Curtis Moody: “Responsive Architecture” Style
Curtis J. Moody is the CEO and president of Columbus,
Ohio-based Moody Nolan, the largest African-American-
owned architecture firm in the U.S (courtesy
Hi Velocity Media, Ben French).
“Just an architect. A really good one.” That’s how Curtis Moody, one of the country’s premier African-American architects, wants to be defined.
In 1982, in the midst of an economic downturn, Moody started his practice in a house in Columbus, Ohio – and a year later, counted nine employees in his fledgling architectural firm. As Moody established a reputation as a great talent, he attracted more clients; and in 1984, he partnered with Howard Nolan to form Moody Nolan.
A basketball player for Ohio State University in the early 70s, Moody channeled his passion for athletics into a successful business: designing sports and recreation facilities for cities, colleges and universities. His impressive work on the Jerome Schottenstein Center – a multi-purpose athletic venue on the campus of Ohio State U – cemented his reputation as an architect and that of his firm.
A night view of the Jerome Schottenstein Center on the campus of Ohio State University in Columbus – designed by Moody Nolan in 1999, with a new facility added in 2013 (courtesy Jerome Schottenstein Center).
While Moody has distinguished himself in the sports facilities field, he also works on diverse projects including fire stations, performing arts centers, libraries, schools, public service buildings, and more. Whether in Columbus, Cincinnati, Cleveland, or another city in the U.S., Moody and his firm “create functional yet iconic design statements” – not only addressing a “client’s unique vision” but taking it to another level: a style Moody calls “responsive architecture.”
In almost 40 years as an architect, Moody has designed more than $4 billion of building construction and received 26 design awards from the National Organization of Minority Architects (NOMA), more than any other minority firm in the country.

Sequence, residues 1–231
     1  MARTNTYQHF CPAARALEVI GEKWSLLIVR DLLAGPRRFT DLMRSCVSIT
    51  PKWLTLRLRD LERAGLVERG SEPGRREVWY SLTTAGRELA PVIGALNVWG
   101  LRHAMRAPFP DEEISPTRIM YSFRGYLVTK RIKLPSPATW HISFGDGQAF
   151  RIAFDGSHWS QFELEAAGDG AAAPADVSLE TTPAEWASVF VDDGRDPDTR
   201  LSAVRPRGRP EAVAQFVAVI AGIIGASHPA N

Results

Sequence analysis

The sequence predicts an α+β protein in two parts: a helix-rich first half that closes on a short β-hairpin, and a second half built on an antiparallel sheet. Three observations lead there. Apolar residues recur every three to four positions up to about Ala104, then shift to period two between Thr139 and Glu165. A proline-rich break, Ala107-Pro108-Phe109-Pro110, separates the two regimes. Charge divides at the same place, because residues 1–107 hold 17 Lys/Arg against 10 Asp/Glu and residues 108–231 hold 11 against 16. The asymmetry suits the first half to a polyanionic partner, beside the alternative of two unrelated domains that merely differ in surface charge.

A 1973 graduate of Ohio State University with a Bachelor of Science degree in Architecture, Moody studied Urban School Planning & Design at Harvard Graduate School of Design. He is a winner of the prestigious Whitney M. Young, Jr. award as an outstanding African American Architect in the United States.
The Erich Kunzel Center for Performing Arts and Education in Cincinnati, Ohio, is the first public K-12 arts school in the U.S. It combines two nationally renowned Cincinnati Public Schools: the School for Creative and Performing Arts (SCPA) and the Schiel Primary School for Arts Enrichment (courtesy Moody Nolan).
Allison Williams: From Art to Architecture
Allison Williams is the Vice President and Director of
Design for AECOM’s U.S. west region (courtesy AW Ink).
Growing up in a home that was visually-based – her father was an engineer-urban designer who built their home in Cleveland and her mother was a journalist and very artistic – Williams was naturally drawn to art and its expression. She received her undergraduate degree in the practice of art at the University of California-Berkeley. Surrounded by artists in Berkeley but frustrated with the uncertainty of art as a career, Williams enrolled in a Masters of Architecture program at Berkeley.
Inspired by her father and mentors at architectural firms early in her career, Williams brought her passion, creative vision, and talent into her work – eventually becoming a prominent and respected architect.
In more than 30 years in the field, Williams has designed major projects in the San Francisco Bay Area, in other major cities across the U.S. and the world. Her work extends to civic, cultural, commercial, corporate and research facilities. Among her significant large-scale projects are the International Terminal at San Francisco International Airport, the August Wilson Center for African American Culture in Pittsburgh, the Princess Nora Bint Abdulrahman University Health Sciences and Research Campus (Riyadh, Saudi Arabia), and a research facility in Singapore.
Inside the International Terminal at San Francisco International Airport, one of Allison Williams’ major projects in the Bay Area (courtesy San Francisco International Airport).
The August Wilson Center for African American Culture, in Pittsburgh, named after the renowned playwright, celebrates the contributions of African Americans to American culture, art, music, and theatre in the region and globally … past, present, and future
A recipient of The Loeb Fellowship at Harvard Graduate School of Design, Williams was elevated to Fellow in the American Institute of Architects in 1997. She is a member of the Harvard Design Magazine Practitioners Board and past-Chair of Public Architecture's Board of Directors. Williams is a frequent lecturer and a Peer Reviewer for the GSA Design Excellence Program and as a juror for the 2011 AIA National Design Awards.
At the 2015 AIA Women’s Leadership Summit, Williams urged attendees to “stay true to themselves, do what they love doing, and do it without being apologetic.” She said: “We’re here because we’re architects and passionate, not because we’re women.”
Footnote: the lead image shows exterior and interior views of the Smithsonian National Museum of African American History and Culture.